'Desert Dancer' by filmmaker Richard Raymond is based on the true story of a group of young Iranians, who form an underground dance troupe in the Islamic Republic of Iran. This is the latest in a genre of films that focus on dance as a form of freedom of expression against political oppression and social injustice. VOA’s Penelope Poulou has more.
Video

Video Turkey's Ruling Party Trying to Lure Voters in Opposition Stronghold

Turkey’s AK (Justice and Development) Party is seeking a fourth successive general election victory, with the goal of securing two-thirds of the seats in Parliament to rewrite the constitution and change the country's parliamentary system into a presidential one. To achieve that, the party will need to win seats in opposition strongholds like the western city of Izmir. Dorian Jones reports.
Video

Video Millions Flock to Ethiopia Polls

Millions of Ethiopians cast their votes Sunday in the first national election since the 2012 death of longtime leader Meles Zenawi. Mr. Meles' party, the Ethiopian People's Revolutionary Democratic Front, is almost certain of victory again. VOA's Anita Powell reports from Addis Ababa.
Video

Video Scientists Testing Space Propulsion by Light

Can the sun - the heart of our solar system - power a spacecraft to the edge of our solar system? The answer may come from a just-launched small satellite designed to test the efficiency of solar sail propulsion. Once deployed, its large sail will catch the so-called solar wind and slowly reach what scientists hope to be substantial speed. VOA’s George Putic reports.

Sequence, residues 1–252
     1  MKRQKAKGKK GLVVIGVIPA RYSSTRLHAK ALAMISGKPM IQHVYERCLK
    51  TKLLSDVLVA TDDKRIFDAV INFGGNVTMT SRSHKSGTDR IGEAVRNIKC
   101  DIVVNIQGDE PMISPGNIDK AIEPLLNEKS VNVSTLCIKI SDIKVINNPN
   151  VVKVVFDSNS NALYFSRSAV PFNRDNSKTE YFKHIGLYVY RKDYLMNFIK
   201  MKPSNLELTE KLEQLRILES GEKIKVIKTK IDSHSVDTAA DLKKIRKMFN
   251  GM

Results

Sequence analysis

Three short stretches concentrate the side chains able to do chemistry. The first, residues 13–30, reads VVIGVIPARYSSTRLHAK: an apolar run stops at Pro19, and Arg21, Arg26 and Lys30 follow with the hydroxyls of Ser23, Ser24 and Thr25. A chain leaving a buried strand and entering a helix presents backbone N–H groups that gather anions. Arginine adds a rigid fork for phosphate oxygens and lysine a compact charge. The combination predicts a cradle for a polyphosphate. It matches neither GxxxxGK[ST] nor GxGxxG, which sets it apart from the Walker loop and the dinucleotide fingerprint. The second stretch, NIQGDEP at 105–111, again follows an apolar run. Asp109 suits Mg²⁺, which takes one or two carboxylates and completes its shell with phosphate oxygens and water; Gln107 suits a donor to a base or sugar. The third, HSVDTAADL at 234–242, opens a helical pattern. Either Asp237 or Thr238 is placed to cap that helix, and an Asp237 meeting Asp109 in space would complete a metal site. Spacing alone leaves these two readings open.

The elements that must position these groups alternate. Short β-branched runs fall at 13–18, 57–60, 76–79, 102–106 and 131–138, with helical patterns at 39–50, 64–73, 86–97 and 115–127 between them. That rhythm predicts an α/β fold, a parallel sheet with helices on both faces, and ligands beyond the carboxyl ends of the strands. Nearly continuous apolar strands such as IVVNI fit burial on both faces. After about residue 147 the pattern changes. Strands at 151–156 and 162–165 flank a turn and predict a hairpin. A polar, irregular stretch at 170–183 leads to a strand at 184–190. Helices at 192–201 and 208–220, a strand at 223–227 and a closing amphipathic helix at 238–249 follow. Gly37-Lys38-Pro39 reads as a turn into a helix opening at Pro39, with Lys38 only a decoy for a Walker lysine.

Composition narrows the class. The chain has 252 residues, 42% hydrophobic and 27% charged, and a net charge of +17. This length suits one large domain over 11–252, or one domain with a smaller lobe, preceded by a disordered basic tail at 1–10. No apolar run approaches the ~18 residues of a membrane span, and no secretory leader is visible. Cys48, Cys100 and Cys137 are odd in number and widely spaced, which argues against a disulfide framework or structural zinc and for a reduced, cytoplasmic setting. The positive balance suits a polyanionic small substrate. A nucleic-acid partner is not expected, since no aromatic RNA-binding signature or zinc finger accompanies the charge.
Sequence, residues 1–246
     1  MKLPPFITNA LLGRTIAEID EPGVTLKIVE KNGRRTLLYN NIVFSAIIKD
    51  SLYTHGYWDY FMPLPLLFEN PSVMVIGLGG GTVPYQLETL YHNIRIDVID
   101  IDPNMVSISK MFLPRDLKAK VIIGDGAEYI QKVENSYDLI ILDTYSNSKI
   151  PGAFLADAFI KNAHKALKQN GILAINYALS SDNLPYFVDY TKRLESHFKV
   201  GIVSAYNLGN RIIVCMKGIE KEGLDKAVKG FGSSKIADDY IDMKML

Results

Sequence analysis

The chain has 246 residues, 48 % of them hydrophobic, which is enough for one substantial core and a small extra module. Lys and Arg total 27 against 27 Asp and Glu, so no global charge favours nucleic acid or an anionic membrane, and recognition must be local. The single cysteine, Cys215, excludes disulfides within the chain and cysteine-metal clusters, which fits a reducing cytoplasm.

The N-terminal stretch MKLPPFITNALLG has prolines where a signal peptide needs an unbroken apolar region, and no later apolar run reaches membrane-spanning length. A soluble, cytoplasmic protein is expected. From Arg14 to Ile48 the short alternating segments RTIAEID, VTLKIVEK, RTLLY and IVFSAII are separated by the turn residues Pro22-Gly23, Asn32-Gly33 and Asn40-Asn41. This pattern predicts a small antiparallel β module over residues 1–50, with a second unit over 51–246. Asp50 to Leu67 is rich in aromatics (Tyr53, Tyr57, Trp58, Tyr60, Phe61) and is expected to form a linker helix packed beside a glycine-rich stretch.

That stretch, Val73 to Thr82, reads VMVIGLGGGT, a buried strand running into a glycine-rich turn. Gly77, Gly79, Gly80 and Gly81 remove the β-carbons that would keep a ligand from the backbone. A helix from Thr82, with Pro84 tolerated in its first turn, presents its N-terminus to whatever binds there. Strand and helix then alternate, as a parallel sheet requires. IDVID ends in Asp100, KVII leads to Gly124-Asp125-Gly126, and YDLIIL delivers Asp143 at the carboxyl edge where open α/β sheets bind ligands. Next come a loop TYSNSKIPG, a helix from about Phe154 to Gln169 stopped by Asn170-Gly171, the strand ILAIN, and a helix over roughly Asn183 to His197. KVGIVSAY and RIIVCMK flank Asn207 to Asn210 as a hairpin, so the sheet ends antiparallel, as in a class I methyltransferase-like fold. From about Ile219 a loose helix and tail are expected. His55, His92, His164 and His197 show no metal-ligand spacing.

Video

Video FIFA Trains Somali Referees

As stability returns to the once lawless nation of Somalia, the world football governing body, FIFA, is helping to rebuild the country’s sport sector by training referees as well as its young footballers. Abdulaziz Billow has more from Mogadishu.
Video

Video With US Child Obesity Rates on the Rise, Program Promotes Health Eating

In its fifth year, FoodCorps puts more than 180 young Americans into 500 schools across the United States, where they focus on teaching students about nutrition, engaging them with hands-on activities, and improving their access to healthy foods whether in the cafeteria or the greater community. Aru Pande has more.
Video

Video Virginia Neighborhood Draws People to Nostalgic Main Street

In the U.S., people used to grow up in small towns with a main street lined by family-owned shops and restaurants. Today, however, many main streets are worn down and empty because shoppers have been lured away by shopping malls. But in the Del Ray neighborhood of Alexandria, Virginia, main street is thriving. VOA’s Deborah Block reports it has a nostalgic feel with its small restaurants and unique stores.

VOA Blogs